“For some businesses, the move to electric, hydrogen or otherwise just doesn’t make sense until a much wider range of vehicles becomes available. Euro 6 diesel is still the best solution for many of those covering high mileage on the motorway network, while urban areas may require a different approach to meet air quality demands.  
“Looking at hydrogen specifically, we took on board a mini hydrogen dispenser from Fuel Cell Systems for trial in our Fuel Assist Van last year. This allows us to provide an emergency top-up of fuel for stranded hydrogen vehicles in much the same way as we can get a petrol or diesel vehicle back on the road, and in line with our emergency fast-charge electric options. We also worked with Hyundai earlier this year on a 1,000-mile hydrogen vehicle trial with the Telegraph and we’re developing our experience in this area.”

Other ways to be zero emission

The quest to become zero emission may not be entirely plausible for some businesses but striving for a reduction in CO2 will still have significant benefits to the environment and should be applauded. So what other ways can companies reduce emissions from their business travel?
Huge gains can be made by businesses challenging established policies around transport, believes Danny Winn: “I see an opportunity for business travel specialists to flourish; they could analyse the travel behaviours for large employers and offer transport packages of blended on demand transportation fit for each journey. If these models could optimise costs and environmental benefits by blending a range of transport options from scooters in cities, zero emission vehicles on a short term basis, right up to trains and flights, there could be some huge gains made.”
Duncan Chumley says that while the reality for many businesses becoming zero-emissions (as a whole) is something of a pipe-dream, there is a plethora of opportunities for companies to reduce their carbon footprint. “From encouraging home working, car pooling and promoting cycle to work schemes through to reducing the amount of single use plastic, there is no shortage of marginal gains available, the sum of their parts making a limited but positive impact.”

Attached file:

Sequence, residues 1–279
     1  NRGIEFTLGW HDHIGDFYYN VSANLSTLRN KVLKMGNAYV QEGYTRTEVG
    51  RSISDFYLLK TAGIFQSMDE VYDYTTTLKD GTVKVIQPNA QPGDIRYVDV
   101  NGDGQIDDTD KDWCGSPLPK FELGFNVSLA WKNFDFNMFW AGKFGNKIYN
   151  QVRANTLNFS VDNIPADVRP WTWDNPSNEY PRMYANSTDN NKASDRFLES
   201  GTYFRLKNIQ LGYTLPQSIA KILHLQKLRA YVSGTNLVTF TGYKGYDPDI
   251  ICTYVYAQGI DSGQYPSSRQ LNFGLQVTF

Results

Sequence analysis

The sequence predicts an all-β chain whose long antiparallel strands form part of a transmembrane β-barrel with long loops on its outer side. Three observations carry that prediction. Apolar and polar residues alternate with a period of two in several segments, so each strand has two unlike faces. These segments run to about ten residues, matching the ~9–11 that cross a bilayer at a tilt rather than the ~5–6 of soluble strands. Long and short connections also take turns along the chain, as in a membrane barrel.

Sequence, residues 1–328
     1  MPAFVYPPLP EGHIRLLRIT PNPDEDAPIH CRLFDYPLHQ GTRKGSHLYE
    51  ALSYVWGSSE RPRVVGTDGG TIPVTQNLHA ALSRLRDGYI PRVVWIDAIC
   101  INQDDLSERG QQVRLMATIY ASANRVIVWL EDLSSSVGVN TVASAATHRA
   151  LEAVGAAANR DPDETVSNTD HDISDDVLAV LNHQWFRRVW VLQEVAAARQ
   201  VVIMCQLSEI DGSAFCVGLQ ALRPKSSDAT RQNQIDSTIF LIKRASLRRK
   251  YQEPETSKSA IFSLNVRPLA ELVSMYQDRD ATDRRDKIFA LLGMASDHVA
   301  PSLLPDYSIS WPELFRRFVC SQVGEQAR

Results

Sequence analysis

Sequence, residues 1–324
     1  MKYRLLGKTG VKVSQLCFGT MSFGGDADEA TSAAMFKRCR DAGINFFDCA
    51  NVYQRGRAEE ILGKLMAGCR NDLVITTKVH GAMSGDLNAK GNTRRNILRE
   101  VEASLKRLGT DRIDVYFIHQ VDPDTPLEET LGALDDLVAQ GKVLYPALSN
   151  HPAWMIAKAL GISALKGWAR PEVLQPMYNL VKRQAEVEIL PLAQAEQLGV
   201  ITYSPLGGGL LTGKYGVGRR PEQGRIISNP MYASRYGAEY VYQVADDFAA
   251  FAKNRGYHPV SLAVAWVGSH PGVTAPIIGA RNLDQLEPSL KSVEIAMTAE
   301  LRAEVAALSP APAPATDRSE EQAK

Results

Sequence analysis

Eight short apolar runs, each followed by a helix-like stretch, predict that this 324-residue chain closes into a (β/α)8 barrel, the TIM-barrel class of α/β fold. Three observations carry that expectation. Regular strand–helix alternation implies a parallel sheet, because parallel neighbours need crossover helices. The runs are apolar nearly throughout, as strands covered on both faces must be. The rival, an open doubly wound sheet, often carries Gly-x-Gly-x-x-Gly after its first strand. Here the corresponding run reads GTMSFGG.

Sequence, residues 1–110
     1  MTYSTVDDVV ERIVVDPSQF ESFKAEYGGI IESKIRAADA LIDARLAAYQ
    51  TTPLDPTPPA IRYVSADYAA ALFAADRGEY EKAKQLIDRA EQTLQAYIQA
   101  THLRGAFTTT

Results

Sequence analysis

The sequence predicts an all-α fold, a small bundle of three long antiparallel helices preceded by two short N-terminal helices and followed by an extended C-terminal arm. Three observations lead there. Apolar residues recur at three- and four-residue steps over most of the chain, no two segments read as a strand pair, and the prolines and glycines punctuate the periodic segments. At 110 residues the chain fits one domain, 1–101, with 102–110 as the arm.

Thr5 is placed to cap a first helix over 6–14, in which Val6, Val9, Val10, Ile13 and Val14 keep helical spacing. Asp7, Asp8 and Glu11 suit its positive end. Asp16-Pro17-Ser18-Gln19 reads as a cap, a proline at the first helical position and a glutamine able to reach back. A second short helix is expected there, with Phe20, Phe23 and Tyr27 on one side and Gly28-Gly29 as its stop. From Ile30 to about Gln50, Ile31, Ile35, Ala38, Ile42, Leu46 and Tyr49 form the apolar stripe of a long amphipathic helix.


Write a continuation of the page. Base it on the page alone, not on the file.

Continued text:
Duncan continues: “Processes and procedures can also be sources for improvement. Introducing paperless billing and moving to digital processes such as eSignatures and click to sign are all positive steps. However there is no doubt when it comes to travel that there are clearly improvements to be made. Aside from the often discussed EV subject there are other niche areas of fleet that can be explored. Controlling grey fleet miles would certainly help as older driver-owned vehicles are often not the most economical or environmentally friendly. Also a review of pool car policies and LEV car share schemes will help with controlling journeys made in older vehicles that do not necessarily fall under the remit of the fleet operator.” L